State Water Resources Research Institute Program
Project ID: 2007NC75B
Title: Stable Isotope Tracers to Quantify Impervious Area Effects on Baseflow to Coastal Plain Streams
Project Type: Research
Start Date: 3/01/2007
End Date: 2/29/2008
Congressional District: 1 & 3
Focus Categories: Groundwater, Hydrology, Surface Water
Keywords: Channels, Rivers, Ground Water Hydrology, Subsurface drainage, Surface-Ground Water relationships, Stormwater Management
Principal Investigators: O'Driscoll, Michael A (East Carolina University); Brinson, Mark M.
Federal Funds: $ 23,707
Non-Federal Matching Funds: $ 47,414
Abstract: North Carolina is the 6th fastest growing state in the U.S. (1990-2000). Statewide 18.1% of watershed area is affected by greater than 5% total impervious area. By 2030 projections indicate that 27% of North Carolina?s watersheds will have greater than 5% total impervious area. Urban land-use has been shown to alter and degrade streams by changing their hydrologic response to precipitation. Current land-use trends and previous studies suggest that streams in North Carolina are at significant risk for degradation due to increases in impervious area. Ground water recharge in urban areas is complex because normal recharge pathways are often altered. Variable responses of baseflow to increased urban land-use have been observed in a variety of settings. Currently it is not known what threshold percentage of watershed impervious area will begin to affect stream baseflow. Stream responses to increased imperviousness may vary across physiographic regions. The relationship between impervious area and in-stream response must be established for the common physiographic settings in North Carolina: the Mountains, Piedmont, and Coastal Plain. The effect that watershed impervious area has on baseflow to Coastal Plain streams will be quantified in this study. Quantification of impacts on Coastal Plain baseflow is important because over 50% of annual average streamflow of Coastal Plain rivers is derived from baseflow and the Coastal Plain comprises 45% of the land area of North Carolina. Typically, stormwater management is dealt with on a site by site basis and the cumulative effects to the entire watershed are not measured. In humid temperate settings, where precipitation temperature varies seasonally, the stable isotopic composition of rainfall and stormwater should vary from that of ground water. This allows for quantification of baseflow and stormwater runoff using stable isotopic tracers. In this study, we propose to determine thresholds of baseflow impact and to evaluate a stable isotope approach to quantify the watershed-scale effects of stormwater runoff on Coastal Plain streams. The value of this proposed approach is that stable isotope measurements can reveal the cumulative effects of upstream land-use changes at a watershed outlet and provide estimates of the threshold levels of watershed impervious area that result in baseflow alterations to Coastal Plain streams.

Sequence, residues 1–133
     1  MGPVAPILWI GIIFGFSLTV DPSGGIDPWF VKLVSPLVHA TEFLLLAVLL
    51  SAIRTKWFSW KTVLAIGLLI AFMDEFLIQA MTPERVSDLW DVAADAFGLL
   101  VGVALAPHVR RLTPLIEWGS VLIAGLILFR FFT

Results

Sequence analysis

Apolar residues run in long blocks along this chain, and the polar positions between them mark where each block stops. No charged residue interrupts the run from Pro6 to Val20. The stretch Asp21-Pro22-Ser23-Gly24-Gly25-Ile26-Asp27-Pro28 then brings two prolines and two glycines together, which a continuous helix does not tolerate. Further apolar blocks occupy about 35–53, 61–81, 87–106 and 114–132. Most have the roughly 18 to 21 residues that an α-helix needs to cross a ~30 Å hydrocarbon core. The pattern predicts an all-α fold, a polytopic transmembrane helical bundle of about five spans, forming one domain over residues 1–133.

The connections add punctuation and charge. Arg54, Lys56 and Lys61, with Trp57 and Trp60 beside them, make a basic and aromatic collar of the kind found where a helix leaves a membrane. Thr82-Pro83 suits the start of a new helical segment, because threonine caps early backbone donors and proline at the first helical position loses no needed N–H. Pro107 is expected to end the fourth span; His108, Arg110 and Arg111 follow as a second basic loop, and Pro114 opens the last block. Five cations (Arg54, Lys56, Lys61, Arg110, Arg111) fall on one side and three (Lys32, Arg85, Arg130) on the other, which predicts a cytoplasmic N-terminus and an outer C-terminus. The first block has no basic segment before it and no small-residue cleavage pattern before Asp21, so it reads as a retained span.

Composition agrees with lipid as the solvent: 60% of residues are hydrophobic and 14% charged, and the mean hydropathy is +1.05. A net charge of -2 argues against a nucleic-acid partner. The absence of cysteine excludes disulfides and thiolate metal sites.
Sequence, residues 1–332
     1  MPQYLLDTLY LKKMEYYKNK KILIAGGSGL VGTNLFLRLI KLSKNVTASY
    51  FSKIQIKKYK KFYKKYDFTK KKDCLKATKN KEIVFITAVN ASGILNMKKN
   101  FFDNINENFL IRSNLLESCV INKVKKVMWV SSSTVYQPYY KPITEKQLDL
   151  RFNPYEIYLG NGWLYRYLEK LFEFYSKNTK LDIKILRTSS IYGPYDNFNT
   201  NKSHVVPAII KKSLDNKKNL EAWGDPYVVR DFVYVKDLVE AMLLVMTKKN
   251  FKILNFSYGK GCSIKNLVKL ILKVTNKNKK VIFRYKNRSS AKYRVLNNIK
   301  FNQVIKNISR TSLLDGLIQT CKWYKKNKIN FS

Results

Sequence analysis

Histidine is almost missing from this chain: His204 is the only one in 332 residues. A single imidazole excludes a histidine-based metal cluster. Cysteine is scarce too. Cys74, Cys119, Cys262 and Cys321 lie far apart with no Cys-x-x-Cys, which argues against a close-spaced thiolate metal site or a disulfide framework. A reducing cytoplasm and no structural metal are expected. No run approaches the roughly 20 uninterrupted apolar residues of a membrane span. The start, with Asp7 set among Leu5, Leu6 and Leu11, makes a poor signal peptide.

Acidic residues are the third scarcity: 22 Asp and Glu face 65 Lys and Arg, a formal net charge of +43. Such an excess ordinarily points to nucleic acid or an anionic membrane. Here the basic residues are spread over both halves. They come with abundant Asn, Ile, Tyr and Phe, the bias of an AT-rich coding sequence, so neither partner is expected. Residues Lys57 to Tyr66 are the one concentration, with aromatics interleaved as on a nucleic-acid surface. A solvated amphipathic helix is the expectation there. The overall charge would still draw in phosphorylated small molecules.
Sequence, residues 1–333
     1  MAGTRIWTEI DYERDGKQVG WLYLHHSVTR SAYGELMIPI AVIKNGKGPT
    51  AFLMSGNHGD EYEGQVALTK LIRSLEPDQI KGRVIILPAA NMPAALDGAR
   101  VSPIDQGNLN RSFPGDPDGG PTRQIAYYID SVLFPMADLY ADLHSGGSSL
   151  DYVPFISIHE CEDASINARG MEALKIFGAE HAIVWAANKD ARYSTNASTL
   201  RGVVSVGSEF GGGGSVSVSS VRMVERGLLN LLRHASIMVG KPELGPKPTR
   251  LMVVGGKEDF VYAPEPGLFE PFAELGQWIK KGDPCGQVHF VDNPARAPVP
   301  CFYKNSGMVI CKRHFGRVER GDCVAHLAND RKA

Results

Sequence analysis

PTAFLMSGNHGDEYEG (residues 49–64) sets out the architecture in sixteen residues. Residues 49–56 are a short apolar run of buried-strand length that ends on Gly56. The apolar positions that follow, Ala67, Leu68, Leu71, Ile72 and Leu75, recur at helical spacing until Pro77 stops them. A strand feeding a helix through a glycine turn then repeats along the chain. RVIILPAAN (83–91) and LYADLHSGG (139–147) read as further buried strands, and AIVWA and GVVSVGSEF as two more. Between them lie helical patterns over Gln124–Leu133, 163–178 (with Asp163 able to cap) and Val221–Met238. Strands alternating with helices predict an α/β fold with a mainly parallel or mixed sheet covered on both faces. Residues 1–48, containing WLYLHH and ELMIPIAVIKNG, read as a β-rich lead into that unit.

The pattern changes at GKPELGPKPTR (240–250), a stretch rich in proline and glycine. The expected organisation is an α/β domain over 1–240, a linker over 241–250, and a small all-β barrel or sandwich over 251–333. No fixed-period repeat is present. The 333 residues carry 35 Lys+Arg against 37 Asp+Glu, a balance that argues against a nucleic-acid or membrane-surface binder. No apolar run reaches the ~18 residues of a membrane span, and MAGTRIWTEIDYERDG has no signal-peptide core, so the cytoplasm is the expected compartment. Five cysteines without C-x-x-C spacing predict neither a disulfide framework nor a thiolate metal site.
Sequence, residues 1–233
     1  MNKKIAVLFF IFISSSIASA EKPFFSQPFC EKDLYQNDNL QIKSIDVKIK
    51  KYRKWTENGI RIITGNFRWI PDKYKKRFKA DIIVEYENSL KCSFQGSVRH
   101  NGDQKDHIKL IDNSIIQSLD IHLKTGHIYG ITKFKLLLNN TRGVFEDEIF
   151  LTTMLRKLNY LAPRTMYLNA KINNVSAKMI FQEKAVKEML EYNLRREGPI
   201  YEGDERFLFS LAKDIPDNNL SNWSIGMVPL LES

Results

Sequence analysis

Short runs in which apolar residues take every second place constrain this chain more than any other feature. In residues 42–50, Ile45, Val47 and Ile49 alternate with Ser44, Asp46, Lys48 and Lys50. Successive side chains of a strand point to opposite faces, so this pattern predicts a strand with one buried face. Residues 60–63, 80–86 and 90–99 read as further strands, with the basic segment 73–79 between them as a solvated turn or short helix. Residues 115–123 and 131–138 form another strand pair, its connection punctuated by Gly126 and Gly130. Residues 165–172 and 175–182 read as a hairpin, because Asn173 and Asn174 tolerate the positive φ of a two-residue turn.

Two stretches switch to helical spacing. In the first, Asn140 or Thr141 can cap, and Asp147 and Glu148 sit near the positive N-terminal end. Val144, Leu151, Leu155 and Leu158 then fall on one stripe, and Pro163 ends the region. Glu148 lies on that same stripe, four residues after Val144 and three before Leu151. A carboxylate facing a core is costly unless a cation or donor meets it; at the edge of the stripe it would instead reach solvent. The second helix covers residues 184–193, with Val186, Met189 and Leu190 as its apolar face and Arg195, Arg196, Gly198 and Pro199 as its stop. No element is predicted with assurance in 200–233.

Progress/Completion Report, PDF